Tuesday, June 16, 2020

Barney Miller uses Hamlet

“Ramon.” By Theodore J. Flicker and Danny Arnold. Perf. Hal Linden, Barbara Barrie, and Abe Vigoda. Dir. Bill Davius. Barney Miller. Season 1, episode 1. ABC. 23 January 1975. DVD. SHOUT! FACTORY, 2011.

“Bus Stop.” By Theodore J. Flicker and Danny Arnold. Perf. Hal Linden, Barbara Barrie, and Abe Vigoda. Dir. Noam Pitlik. Barney Miller. Season 3, episode 4. ABC. 14 October 1976. DVD. SHOUT! FACTORY, 2011.

“Ramon.” By Theodore J. Flicker and Danny Arnold. Perf. Hal Linden, Barbara Barrie, and Abe Vigoda. Dir. Noam Pitlik. Barney Miller. Season 3, episode 6. ABC. 28 October 1976. DVD. SHOUT! FACTORY, 2011.

Shakespeare Geek recently challenged us all to watch all the sitcoms we ever watched in all our ever-loving lives and to categorize the Shakespeare references in them.

Well, sort of.

He did say that he had noticed a lot of Shakespeare references in sitcoms that he was watching (or having on in the background) during the COVID-19 crisis. And I had just found one myself in an episode of Taxi (for which, q.v.).

It probably shouldn't have been surprising that I found some Hamlet references in Barney Miller, starting with the very first episode.

There were more in the third season. I've put them all together in the clip below. We start with Barney Miller's wife alluding to something rotten in the state of Denmark. Then we move to a person who was on the verge of committing insurance fraud until conscience made a coward of him. Finally, we meet a man who thinks he's a werewolf, and we get a "more things in heaven and earth" quote.

Enjoy . . . and feel free to find your own and to mention them in the comments!


Links: The Show at IMDB.

Friday, June 12, 2020

The "Prayer-Book" scene in Loncraine's Richard III

Richard III. Dir. Richard Loncraine. Perf. Ian McKellen, Annette Bening, Jim Broadbent, Robert Downey, Jr., and Maggie Smith. 1995. DVD. United Artists Pictures, 1995.

In the third act of Richard III, Shakespeare pulls back the curtain to show us the political power of the photo opportunity. Buckingham has been trying to rally support for Richard as king, but it hasn't been going that well. He advises Richard to be found with a prayer book in his hand, conferring with two priests. That will make him appear to be Christian, holy, and only concerned with spiritual matters, not with power.

It's all show. Richard has no religious feeling whatsoever, but he thinks he can fool everyone into thinking he does, which will be good for his political career.

The images to the right show the way Loncraine decided to show this scene. It's a brilliant, nicely-layered way to show how a photo opportunity like this has no real substance. Not only is Richard only portraying an interest in religion that he does not actually feel, it isn't even a religious book that he's using as a prop! I haven't been able to make out just what the dust cover on the book says, but it looks like it's a secular novel. Once the dust cover is removed, it looks like a prayer book . . . but its interior is secular, not sacred.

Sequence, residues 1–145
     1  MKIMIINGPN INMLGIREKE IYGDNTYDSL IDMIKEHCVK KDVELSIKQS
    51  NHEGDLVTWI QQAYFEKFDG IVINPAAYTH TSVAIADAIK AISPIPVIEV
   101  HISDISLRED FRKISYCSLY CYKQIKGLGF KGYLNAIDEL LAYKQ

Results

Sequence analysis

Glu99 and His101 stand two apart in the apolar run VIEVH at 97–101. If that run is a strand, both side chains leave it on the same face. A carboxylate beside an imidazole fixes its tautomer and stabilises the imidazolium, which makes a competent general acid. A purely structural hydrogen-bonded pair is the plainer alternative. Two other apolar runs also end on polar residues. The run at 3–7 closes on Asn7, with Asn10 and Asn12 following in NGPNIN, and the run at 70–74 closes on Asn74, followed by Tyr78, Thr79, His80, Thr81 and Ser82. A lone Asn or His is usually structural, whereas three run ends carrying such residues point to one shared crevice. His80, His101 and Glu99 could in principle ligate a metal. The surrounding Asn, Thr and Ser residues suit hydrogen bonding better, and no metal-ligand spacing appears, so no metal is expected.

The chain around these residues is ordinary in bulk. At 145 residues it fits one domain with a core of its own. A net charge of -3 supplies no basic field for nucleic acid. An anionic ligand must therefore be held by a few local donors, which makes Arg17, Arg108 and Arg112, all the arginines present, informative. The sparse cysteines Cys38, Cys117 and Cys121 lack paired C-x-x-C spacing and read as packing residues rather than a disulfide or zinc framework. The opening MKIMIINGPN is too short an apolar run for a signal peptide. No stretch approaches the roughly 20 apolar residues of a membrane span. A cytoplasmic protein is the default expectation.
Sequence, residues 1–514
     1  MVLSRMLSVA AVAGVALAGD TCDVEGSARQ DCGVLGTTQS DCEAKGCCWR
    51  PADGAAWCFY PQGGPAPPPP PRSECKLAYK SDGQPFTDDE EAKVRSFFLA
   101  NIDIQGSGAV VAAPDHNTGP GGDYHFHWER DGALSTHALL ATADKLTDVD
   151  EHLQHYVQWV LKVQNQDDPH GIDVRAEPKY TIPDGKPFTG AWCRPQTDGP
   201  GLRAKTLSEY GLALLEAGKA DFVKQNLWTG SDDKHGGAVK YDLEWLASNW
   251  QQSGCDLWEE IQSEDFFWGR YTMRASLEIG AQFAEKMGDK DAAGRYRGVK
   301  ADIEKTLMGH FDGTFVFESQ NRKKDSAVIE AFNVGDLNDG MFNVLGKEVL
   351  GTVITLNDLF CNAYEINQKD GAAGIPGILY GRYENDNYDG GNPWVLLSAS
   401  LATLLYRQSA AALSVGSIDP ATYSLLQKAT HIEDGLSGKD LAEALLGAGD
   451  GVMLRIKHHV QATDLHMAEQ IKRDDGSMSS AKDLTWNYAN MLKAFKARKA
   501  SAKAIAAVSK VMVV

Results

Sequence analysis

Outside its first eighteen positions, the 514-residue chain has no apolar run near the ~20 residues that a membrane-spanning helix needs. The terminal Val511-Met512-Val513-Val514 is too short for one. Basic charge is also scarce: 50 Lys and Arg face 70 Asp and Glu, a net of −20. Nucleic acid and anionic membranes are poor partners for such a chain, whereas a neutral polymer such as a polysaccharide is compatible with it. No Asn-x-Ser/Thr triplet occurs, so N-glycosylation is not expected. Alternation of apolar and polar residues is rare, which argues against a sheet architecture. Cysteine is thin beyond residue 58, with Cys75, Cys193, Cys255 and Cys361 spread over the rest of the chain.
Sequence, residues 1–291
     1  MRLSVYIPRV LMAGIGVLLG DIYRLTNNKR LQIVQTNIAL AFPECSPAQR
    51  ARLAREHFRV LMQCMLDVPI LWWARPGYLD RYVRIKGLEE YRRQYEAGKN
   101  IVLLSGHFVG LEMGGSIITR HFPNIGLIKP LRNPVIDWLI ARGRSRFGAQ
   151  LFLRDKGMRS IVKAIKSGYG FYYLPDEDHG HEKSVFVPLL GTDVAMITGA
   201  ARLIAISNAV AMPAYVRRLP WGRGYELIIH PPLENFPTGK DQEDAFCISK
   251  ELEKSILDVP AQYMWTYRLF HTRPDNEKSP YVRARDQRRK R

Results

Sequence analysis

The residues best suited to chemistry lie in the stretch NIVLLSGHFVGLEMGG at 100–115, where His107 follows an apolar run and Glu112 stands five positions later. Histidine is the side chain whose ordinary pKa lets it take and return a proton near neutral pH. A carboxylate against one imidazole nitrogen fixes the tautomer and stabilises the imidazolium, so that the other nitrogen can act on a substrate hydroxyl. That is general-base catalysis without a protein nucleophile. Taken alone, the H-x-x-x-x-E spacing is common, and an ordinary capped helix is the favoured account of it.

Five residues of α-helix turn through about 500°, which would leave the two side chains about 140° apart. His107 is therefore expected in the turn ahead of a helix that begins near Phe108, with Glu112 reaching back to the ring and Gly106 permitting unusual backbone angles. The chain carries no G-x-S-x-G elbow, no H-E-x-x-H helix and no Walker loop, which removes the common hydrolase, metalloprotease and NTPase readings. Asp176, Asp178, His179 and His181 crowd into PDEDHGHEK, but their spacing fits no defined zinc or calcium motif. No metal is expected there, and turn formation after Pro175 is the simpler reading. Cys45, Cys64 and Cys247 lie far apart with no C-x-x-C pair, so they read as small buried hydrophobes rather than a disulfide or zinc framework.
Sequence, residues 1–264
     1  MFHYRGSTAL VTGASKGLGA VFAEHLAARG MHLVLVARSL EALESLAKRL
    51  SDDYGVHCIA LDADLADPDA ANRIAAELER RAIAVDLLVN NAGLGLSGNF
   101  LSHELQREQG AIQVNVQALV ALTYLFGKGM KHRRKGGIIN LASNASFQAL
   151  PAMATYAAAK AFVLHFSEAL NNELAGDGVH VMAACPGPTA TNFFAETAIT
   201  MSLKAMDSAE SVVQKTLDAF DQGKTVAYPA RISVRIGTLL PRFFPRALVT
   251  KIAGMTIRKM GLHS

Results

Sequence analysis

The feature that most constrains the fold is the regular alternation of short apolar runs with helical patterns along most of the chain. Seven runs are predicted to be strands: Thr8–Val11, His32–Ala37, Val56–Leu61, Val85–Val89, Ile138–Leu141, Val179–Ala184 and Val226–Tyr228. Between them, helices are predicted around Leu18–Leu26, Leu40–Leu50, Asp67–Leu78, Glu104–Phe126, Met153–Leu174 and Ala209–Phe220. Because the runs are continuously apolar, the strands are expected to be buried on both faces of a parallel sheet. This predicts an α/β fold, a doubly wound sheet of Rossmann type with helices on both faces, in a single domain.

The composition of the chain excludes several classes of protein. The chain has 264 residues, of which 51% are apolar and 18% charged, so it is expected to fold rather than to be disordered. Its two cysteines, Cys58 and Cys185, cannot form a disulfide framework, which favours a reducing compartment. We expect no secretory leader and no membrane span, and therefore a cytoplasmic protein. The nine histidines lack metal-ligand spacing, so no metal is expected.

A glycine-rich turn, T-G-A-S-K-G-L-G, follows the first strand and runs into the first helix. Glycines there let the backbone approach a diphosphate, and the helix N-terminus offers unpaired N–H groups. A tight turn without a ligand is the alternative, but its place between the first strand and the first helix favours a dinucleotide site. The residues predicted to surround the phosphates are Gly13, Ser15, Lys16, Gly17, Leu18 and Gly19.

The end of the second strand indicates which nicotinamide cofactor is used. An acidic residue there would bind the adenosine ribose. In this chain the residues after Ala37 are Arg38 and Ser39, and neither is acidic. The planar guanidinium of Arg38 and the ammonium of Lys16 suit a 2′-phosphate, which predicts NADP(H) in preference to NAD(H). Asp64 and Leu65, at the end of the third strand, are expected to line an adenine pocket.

Here's what Buckingham says when he's advising Richard in this photo opportunity:
The mayor is here at hand: intend some fear;
Be not you spoke with, but by mighty suit:
And look you get a prayer-book in your hand,
And stand betwixt two churchmen, good my lord;
For on that ground I'll build a holy descant:
And be not easily won to our request . . . . (III.viii)
More of the scene follows in the clip below. I love how Sir Ian delivers the final line of this clip: "I'm not made of stone."


I'm posting this on Friday, June 12, 2020. On Monday, June 8, 2020, the President of the United States walked across Lafayette Square to hold a Bible up in front of St. John's Church. Protests over the death of George Floyd were happening all over the country . . . including in Lafayette Square . . . at the time.

Careful readers know that I am interested in talking about how Shakespeare is relevant. They will also know that there are times when I wish that Shakespeare was not relevant. 

Links: The Film at IMDB.
Bardfilm is normally written as one word, though it can also be found under a search for "Bard Film Blog." Bardfilm is a Shakespeare blog (admittedly, one of many Shakespeare blogs), and it is dedicated to commentary on films (Shakespeare movies, The Shakespeare Movie, Shakespeare on television, Shakespeare at the cinema), plays, and other matter related to Shakespeare (allusions to Shakespeare in pop culture, quotes from Shakespeare in popular culture, quotations that come from Shakespeare, et cetera).

Unless otherwise indicated, quotations from Shakespeare's works are from the following edition:
Shakespeare, William. The Riverside Shakespeare. 2nd ed. Gen. ed. G. Blakemore Evans. Boston: Houghton Mifflin, 1997.
All material original to this blog is copyrighted: Copyright 2008-2020 (and into perpetuity thereafter) by Keith Jones.

The very instant that I saw you did / My heart fly to your service; there resides, / To make me slave to it; and, for your sake, / Am I this patient [b]log-man.

—The Tempest